Economy

Financial stress could be more endemic: RBA’s latest review concludes

By Market Index
Fri 07 Oct 22, 4:32pm (AEST)
Squeezed lemon
Source: Unsplash

Key Points

  • One in five to face an increase in mortgage payments to 30 per cent of their income
  • RBA concludes that if interest rates increased to 3.5% in line with market forecasts, 25% of all variable loan borrowers would have to pay 30% of their income on mortgage payments

The Reserve Bank’s (RBA) recently published 70-page Financial Stability Review makes for some sober reading, with the central bank outlining how higher inflation and increased mortgage payments will drain the cash flows and reserves of borrowers.

The RBA expects higher inflation and rising interest rates to make it difficult for some borrowers to meet debt payments, while a smaller cohort could fail to meet debt payments due to low savings and high debt.

But overall, the RBA concludes that households are "reasonably well-placed to adjust" to a period of higher interest rates, and most indebted households are well-placed to manage the recent increase in their housing and other living expenses.

Vulnerable borrowers

But despite sizeable spare income to meet debt and basic living expenses and strong employment growth, the central bank believes financial stress "could be more widespread if economic activity turns out to be much weaker than expected”.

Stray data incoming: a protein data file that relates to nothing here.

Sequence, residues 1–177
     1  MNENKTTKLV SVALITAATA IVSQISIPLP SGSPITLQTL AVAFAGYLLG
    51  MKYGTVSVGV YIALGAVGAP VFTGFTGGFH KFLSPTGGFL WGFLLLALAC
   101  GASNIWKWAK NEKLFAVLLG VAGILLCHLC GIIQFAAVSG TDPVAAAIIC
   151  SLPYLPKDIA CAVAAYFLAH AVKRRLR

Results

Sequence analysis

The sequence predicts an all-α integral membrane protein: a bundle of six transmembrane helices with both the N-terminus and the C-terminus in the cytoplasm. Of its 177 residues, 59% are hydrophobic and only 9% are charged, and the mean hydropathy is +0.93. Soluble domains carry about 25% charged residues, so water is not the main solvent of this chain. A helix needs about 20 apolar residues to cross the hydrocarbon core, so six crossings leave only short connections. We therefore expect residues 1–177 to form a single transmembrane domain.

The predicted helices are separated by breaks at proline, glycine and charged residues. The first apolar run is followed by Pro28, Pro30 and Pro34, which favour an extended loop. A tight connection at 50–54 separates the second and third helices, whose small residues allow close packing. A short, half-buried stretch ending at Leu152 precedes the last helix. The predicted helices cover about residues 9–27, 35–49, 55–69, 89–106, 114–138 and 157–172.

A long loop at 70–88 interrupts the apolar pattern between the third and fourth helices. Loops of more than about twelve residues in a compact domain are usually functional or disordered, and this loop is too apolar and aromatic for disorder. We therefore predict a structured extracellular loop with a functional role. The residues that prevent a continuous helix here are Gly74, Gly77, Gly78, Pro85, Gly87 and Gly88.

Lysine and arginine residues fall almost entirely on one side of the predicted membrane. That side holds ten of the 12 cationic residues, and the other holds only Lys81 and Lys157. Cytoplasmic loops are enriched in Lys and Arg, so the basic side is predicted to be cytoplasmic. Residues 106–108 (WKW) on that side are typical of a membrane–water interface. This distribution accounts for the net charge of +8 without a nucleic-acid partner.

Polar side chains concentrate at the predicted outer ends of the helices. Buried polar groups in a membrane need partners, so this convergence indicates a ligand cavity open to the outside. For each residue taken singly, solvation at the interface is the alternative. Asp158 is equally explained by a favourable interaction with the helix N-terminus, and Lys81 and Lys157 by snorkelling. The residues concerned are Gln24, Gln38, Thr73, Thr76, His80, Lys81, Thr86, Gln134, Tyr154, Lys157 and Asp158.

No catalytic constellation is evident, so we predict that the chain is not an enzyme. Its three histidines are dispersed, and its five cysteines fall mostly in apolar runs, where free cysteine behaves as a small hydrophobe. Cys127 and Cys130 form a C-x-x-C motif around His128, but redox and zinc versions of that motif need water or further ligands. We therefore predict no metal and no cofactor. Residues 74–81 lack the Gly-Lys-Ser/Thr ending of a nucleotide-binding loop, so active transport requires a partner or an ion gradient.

The RBA’s latest review also flags first home buyers and low-income households as among the most “vulnerable borrowers” as it foreshadowed a cash squeeze that would deplete accumulated cash reserves.

One in five to feel the heat

After the recent 2.5% of interest rate increases, the RBA expects:

  • 40% of variable rate borrowers won’t have to increase their mortgage payments.

  • 15% won’t have an increase of payments of 20%-plus.

  • But 20% – one in five – will face an increase in mortgage payments to 30% of their income.

However, if interest rates increased to 3.5% in line with market forecasts, 25% of all variable loan borrowers would have to pay 30% of their income on mortgage payments.

Highlights of the RBA's semi-annual review released today include:

  • Global financial stability risks have increased, amid tighter financial conditions and rising uncertainty.

  • Higher inflation and rising interest rates will make it difficult for some borrowers to meet debt payments.

  • The risks from cyber-attacks and climate change continue to be a focus of financial institutions and regulators.

 

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